States & Candidates

States can change the direction of our country.

Kansas 2020

Chamber Makeup

State Senate

11 Democrats

29 Republicans

State House

41 Democrats

84 Republicans

Opportunity Assessment

The extreme right-wing playbook was perfected in Kansas—and outsourced to state houses across the country. But in 2018, Kansans rebuked this extremist experiment by electing Democratic Governor Laura Kelly. Next stop, breaking the current supermajority in the legislature so it can’t thwart and weaken the new governor.

The Stakes

To find out what’s the matter with Kansas, you don’t have to look too hard: Right wing extremists have gutted vital services that actually help Kansans in favor of corporate welfare, all while taking radical action to ensure they can’t be held accountable at the ballot box. 

  • Implemented draconian cuts to education, infrastructure, and healthcare, while dramatically cutting taxes for corporations.
  • Insulated themselves from the will of voters, including a “proof of citizenship” voter intimidation law that disenfranchised over 30,000 Kansans.
  • Worked to thwart Medicaid expansion, while championing legislation to expand junk healthcare plans that hurt consumers, but are favored by corporate special interests.

2020 Political Landscape

  • In 2020, the entire House and Senate are up for election and Democrats need to win three seats in the Senate or two in the House to break Republican supermajorities that can now override Gov. Kelly’s vetoes.
  • For decades, the most consequential political battles in Kansas were internal fights between the Republican Party’s moderate and conservative wings.  But as the party has gotten more extreme, moderate Republicans are changing parties. In 2018 alone, four Republican state legislators became Democrats, and a fifth became an independent.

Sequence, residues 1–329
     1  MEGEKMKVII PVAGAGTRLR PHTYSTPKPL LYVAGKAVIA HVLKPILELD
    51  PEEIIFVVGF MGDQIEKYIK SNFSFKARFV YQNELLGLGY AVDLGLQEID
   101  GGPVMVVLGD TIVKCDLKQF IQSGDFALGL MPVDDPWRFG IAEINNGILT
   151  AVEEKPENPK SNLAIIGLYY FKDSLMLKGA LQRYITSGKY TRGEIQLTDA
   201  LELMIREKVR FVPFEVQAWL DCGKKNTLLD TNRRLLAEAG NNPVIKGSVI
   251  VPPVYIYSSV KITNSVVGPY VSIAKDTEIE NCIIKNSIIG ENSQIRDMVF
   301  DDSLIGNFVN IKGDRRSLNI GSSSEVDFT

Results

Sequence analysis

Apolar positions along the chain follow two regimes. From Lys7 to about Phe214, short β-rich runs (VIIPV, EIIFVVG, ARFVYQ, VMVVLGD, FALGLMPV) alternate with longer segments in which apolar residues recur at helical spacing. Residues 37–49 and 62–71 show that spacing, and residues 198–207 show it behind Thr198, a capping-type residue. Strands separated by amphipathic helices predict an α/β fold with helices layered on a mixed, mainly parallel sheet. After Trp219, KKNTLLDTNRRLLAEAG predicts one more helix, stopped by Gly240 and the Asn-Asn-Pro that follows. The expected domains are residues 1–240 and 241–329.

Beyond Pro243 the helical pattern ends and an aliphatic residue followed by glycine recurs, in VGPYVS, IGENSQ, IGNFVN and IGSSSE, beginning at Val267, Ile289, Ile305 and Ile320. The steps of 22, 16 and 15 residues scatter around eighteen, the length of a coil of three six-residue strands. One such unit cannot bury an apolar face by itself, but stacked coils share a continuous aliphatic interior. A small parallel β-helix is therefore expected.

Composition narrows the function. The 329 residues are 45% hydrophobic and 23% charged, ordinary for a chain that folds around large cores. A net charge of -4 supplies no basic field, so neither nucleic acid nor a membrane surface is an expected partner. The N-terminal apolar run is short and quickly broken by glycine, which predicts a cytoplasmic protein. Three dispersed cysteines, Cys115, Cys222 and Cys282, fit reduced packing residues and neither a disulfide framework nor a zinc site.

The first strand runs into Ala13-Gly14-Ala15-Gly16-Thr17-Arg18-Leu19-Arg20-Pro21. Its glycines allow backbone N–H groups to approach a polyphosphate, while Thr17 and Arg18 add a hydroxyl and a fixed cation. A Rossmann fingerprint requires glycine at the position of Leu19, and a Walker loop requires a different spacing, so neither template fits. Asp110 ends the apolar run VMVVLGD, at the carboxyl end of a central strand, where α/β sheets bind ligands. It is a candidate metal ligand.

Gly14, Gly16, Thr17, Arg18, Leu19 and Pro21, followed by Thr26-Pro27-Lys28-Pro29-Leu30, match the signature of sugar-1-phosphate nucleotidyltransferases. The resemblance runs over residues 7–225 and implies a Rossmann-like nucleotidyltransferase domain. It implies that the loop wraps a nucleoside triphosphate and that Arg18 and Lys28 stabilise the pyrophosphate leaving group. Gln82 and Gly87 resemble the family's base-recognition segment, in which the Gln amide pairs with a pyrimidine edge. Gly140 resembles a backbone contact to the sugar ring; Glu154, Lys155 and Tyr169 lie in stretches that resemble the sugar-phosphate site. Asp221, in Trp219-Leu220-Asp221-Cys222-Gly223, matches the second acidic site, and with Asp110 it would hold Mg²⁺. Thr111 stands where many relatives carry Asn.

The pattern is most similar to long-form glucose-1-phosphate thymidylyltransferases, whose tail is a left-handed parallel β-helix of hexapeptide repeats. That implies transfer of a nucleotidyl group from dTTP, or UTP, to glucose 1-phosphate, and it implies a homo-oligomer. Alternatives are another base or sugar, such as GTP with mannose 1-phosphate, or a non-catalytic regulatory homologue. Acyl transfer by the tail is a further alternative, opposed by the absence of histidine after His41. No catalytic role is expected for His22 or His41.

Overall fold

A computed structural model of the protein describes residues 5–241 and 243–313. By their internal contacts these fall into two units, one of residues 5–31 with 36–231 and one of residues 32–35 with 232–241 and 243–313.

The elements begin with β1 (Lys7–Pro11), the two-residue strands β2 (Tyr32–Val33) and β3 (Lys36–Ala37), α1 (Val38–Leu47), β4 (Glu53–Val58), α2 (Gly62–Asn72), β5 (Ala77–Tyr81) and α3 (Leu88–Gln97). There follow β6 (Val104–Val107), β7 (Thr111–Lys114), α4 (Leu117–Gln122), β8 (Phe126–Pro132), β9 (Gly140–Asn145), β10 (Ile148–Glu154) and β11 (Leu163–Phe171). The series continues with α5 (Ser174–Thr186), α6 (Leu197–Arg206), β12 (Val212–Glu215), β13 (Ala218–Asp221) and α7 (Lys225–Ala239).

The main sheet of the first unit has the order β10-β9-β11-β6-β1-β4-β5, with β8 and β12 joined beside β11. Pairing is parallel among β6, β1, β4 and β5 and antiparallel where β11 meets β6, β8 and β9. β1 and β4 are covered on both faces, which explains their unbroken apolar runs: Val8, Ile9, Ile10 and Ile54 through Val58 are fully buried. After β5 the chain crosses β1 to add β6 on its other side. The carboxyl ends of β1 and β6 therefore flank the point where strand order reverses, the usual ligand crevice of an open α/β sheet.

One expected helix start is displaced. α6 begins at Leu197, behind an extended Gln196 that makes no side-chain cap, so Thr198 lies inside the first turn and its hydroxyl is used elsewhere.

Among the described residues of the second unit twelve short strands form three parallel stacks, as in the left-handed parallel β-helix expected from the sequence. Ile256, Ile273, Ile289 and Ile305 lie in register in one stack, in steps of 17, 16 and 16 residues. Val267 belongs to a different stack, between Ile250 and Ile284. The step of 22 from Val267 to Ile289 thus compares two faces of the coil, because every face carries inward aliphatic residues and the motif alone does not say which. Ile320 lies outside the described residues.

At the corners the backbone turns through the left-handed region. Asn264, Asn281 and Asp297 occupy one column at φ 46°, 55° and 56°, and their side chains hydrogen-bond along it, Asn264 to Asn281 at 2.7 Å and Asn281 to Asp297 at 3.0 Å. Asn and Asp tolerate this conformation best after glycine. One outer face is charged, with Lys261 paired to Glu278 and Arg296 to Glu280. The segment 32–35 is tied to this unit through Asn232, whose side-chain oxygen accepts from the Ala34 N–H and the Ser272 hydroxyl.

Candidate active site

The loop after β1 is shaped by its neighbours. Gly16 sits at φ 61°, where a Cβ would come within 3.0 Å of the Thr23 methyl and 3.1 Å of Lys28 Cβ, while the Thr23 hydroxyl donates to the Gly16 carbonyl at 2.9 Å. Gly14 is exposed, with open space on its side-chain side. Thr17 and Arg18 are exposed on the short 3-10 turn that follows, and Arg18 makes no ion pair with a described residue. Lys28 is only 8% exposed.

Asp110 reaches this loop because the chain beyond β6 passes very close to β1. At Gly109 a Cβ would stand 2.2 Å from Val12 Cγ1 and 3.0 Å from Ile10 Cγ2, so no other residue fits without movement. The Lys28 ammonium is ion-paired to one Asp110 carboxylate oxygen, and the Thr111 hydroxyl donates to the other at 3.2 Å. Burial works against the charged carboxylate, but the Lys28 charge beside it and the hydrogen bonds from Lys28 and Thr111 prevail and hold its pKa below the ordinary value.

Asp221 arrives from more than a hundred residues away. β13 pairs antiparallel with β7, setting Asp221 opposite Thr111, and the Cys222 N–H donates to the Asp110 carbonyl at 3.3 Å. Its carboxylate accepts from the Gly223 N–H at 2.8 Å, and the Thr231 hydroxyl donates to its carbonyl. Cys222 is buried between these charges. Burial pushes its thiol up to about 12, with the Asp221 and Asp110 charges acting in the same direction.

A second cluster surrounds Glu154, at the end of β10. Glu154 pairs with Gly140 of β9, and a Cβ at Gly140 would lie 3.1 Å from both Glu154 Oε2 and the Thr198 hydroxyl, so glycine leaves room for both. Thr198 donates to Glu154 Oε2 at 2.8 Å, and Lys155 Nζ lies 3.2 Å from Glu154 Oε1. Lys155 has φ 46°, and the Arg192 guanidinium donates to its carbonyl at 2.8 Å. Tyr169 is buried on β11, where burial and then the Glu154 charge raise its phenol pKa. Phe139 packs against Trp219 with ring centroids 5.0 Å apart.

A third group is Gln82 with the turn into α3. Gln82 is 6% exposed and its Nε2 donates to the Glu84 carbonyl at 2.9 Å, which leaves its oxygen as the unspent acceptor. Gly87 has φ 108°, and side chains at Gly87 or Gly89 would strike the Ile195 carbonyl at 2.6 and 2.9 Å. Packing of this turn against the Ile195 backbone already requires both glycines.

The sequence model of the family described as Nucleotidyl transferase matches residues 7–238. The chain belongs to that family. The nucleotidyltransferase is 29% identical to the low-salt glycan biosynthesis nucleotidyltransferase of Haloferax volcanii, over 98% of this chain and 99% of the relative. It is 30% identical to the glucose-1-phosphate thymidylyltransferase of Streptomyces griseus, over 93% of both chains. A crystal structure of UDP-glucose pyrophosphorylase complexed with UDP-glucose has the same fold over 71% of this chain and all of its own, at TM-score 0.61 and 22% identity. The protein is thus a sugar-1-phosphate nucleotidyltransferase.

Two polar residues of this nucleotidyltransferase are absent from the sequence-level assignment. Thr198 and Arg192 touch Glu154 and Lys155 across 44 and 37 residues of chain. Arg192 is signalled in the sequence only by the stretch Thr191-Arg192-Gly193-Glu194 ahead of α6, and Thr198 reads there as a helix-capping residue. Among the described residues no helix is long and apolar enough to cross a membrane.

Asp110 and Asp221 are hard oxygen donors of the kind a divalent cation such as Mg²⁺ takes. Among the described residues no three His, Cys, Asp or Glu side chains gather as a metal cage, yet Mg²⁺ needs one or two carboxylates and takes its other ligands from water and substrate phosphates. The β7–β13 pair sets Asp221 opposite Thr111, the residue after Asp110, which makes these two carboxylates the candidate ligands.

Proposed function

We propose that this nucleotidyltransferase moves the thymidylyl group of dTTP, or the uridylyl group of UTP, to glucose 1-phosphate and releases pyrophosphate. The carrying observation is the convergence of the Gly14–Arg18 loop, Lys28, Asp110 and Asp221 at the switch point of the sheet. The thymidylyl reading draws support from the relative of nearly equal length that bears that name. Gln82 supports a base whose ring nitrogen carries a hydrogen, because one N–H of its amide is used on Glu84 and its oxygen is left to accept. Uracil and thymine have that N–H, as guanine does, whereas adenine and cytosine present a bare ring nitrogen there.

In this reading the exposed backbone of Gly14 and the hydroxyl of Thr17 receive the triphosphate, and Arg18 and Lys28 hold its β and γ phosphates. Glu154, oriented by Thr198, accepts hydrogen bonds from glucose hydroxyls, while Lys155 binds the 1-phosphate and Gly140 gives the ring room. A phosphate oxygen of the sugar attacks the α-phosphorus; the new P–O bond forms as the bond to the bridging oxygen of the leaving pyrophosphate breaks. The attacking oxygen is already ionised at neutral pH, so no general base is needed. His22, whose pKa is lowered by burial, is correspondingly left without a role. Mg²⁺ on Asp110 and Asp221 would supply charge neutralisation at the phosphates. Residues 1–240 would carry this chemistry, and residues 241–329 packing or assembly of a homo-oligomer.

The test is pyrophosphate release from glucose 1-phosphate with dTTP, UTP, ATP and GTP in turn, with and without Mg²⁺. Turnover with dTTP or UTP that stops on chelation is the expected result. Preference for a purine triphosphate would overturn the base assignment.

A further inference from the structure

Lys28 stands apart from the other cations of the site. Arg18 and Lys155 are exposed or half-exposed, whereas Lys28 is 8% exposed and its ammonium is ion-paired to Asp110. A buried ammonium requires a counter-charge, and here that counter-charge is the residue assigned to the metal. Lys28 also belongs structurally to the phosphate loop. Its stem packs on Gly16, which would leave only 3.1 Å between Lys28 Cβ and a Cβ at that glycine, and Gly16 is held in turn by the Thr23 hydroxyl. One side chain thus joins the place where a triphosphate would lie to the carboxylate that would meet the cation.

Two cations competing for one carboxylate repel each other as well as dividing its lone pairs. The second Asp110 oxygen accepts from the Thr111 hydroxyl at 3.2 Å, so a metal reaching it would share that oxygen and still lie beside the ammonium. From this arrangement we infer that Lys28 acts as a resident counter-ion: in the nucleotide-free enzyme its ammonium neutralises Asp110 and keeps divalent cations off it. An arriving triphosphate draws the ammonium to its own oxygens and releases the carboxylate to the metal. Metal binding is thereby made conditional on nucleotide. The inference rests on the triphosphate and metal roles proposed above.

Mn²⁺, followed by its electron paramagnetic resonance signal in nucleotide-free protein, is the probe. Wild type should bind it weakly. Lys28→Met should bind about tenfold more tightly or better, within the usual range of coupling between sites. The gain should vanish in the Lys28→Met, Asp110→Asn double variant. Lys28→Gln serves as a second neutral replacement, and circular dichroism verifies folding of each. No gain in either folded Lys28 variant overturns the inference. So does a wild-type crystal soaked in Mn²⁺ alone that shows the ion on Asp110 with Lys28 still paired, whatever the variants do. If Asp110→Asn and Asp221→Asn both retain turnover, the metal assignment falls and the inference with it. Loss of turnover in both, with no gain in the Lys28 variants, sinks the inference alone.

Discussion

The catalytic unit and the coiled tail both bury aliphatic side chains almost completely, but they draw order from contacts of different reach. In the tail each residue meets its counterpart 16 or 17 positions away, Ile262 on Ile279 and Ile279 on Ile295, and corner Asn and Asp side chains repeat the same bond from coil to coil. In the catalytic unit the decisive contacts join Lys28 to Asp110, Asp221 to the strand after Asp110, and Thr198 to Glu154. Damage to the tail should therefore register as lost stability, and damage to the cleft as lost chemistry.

• In 2018:
    • Gov. Kelly won a majority of legislative districts in both chambers in her gubernatorial victory.  The Republican-held districts that she won are clustered in the state’s major population centers and seem to represent a potential majority coalition moving forward.
    • Republicans won eight House seats with less than 52% of the vote.
    • The State Senate was not up for election, which means Republicans in the chamber have not yet faced a post-Trump electorate.

Meet the candidates

  • Jo Ella Hoye

    An active community leader, Jo Ella is a gun violence prevention advocate with a track record of successfully moving the needle with bipartisan support. She ran to elevate the voices of Kansans and fight for change in Topeka.

  • Mari-Lynn Poskin

    A higher education professional, Mari-Lynn is fiercely dedicated to ensuring learning opportunities for all Kansans. As the primary caregiver for her husband, who has multiple sclerosis, she understands the need for affordable quality healthcare for all.

  • Jeff Pittman

    The son of a combat veteran, Jeff was raised in the town he now represents. Serving in the House of Representatives prior to this election, Jeff is a voice for bipartisan solutions in the Kansas Legislature.

  • Cindy Holscher

    A 20-year resident of Johnson County and mother of three, Cindy is an advocate for the future of her community. During her time representing Kansans, Cindy has fought for fully-funded public schools and access to affordable quality healthcare.